A Settlement on a Peninsula
- contemporary architecture
Las-Vegas near Minsk or just a settlement on the bank of a water reservoir: that is the question. Arkhstroydesign is designing for Belorussia.
Such things happen in architecture quite often: the project has stopped on the stage of an idea, to be more precise – is simply “stuck” on the co-ordination stage. And somehow it does not seem strange – there were plenty of strange things about this project before the coordinating. A picturesque peninsula near Kudrischino village: a territory facing water with its fields and coppices. This quiet, virgin place seems to be far away from the whole civilization. But in fact it is a stone’s throw distance from the capital – only about 20 miles away. And the client does not express any wishes… You may even build a casino if you will – it is Belorussia after all.
The idea of creating a settlement here was suggested to Alexey Ivanov by Alexander Khomyakov – a friend, a colleague and a long-standing partner. He was the one who finally became the job captain having suggested a broader approach instead of the usual Arkhstroydesign planning layouts and leading away from straight lines to softer curves.
The authors had to make up, or rather – feel for the program themselves: analyzing, exploring, and proposing optimal zoning and functionality. It was clear right away that the permanent residence zone was to be separated from the zone of temporary accommodation – such as hotels and houses for rent. The only question was: which one – where? Private homes were to be placed in a calm, secluded area – which meant building them on the bank of the water reservoir. Housing for rent, which is smaller and would take up less territory, was to be placed over the road – next to the hotel complex.
Besides, the authors needed to plan enclosed and public spaces, avoiding solid fences; allocate a beach and a sports area, think of a leisure-recreational program – with restaurants, shops and casinos (aren’t the Belarusians lucky). Not to mention organizing the vehicle entrance, creating a convenient traffic diagram, arranging a sufficient amount of parking places, constructing all utility networks (the area is indeed virgin), building disposal works etc. And all this - in full congruence to the landscape and in harmony with the natural surroundings.
The result was to be an elite settlement on the peninsula. Closer to the reservoir in the south-western part – are the private houses. Following each other, their green lots build up fanciful groups reminding sea shells or snails. The borders of these “snails-shells” are lined with driveways leading to the round public grounds and a green park at the approaches to the water. According to the authors’ plan, the park is to be “broken” not only on the bank but inside the settlement as well: pierced by multiple foot-walks, bikeways and a long promenade. All the curves of the streets are no coincidence: they are drawn in this way specifically to open the most complete panoramas of the water and the forest. Everything ex testamento the worthy Englishman Ebenezer Howard, who once invented the Garden City: a perfect tranquil world of a city citizen living in the country.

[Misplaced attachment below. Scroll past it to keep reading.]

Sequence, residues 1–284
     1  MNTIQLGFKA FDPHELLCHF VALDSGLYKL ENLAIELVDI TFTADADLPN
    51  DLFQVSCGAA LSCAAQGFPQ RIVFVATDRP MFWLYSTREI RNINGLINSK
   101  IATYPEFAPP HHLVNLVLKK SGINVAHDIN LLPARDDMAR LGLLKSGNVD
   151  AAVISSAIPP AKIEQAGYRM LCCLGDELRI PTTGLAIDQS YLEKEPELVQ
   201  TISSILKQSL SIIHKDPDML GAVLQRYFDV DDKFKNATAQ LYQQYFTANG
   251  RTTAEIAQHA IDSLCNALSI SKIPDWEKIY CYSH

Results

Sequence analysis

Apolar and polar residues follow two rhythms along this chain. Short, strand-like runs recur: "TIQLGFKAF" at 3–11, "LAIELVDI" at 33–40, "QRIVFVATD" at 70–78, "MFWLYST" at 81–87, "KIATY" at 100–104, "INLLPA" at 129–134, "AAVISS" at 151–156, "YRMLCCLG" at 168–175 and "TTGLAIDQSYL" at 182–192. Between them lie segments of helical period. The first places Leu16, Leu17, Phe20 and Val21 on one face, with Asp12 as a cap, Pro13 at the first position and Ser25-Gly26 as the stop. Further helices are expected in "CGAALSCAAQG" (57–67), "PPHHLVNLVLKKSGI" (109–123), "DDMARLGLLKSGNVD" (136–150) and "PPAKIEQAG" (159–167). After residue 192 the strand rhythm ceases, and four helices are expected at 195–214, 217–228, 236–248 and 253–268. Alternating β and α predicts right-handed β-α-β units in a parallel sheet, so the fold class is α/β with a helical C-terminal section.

The settlement is clearly divided by a wide road into two unequal parts. This axis crosses the lot from south-east to north-west connecting the peninsula with the thoroughfare leading to Minsk. A line of parking-lots is placed on the periphery. The promenade pedestrian area is hidden in the shades of the trees. And if the snails-quarters with their cozy houses are on the one side of the boulevard the structure of the other side is firmer. The rigid geometrical network holds all amenities: small shops, street cafes and restaurants. One of entertainment complex buildings is joined with a hotel block situated right in the beach area where the authors also plan to build a big spa-complex. There are also accommodation units and long lines of town-houses in the northern part of this “infrastructural” district.
As for the architecture of the buildings, the client decided to base it on a project already existing in the authors’ assets – for the Courchevel.ru settlement near Sorochany on Dmitrovskoye Highway where all the buildings remind Alpine chalets. It is a sort of “ab exemplum” building. The authors think that it is a little bit wild – seeing Alpine chalets amid Belarusian fields.
The astern part of the settlement emerged as a possible further extension of the development by building a full-fledged game space. One must admit – there is plenty room for extension: just across the road are endless fields. But only a thin line across the road is drafted for now. Further planning makes no sense yet. The author explains: “One part is closed-loop despite of its picturesqueness – it has no ways of developing even though it seems so open. Whereas the firmly structured orthogonal part is completely free and holds a great potential. The question is: will there be new Las-Vegas in Dubrova Park?”
This question hangs in air for now. It is unclear yet, whether the project will be extended.